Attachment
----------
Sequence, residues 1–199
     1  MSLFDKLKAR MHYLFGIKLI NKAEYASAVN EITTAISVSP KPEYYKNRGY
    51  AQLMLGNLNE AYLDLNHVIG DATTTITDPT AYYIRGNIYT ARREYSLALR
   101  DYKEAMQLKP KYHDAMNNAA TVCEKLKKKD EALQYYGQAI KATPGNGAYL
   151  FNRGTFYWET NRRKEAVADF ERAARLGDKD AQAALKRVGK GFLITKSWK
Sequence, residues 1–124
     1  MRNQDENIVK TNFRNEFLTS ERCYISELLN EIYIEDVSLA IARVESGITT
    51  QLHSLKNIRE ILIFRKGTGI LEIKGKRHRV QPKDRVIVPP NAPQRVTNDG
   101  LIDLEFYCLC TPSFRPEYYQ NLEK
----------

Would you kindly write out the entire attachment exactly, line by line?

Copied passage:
Sequence, residues 1–199
     1  MSLFDKLKAR MHYLFGIKLI NKAEYASAVN EITTAISVSP KPEYYKNRGY
    51  AQLMLGNLNE AYLDLNHVIG DATTTITDPT AYYIRGNIYT ARREYSLALR
   101  DYKEAMQLKP KYHDAMNNAA TVCEKLKKKD EALQYYGQAI KATPGNGAYL
   151  FNRGTFYWET NRRKEAVADF ERAARLGDKD AQAALKRVGK GFLITKSWK
Sequence, residues 1–124
     1  MRNQDENIVK TNFRNEFLTS ERCYISELLN EIYIEDVSLA IARVESGITT
    51  QLHSLKNIRE ILIFRKGTGI LEIKGKRHRV QPKDRVIVPP NAPQRVTNDG
   101  LIDLEFYCLC TPSFRPEYYQ NLEK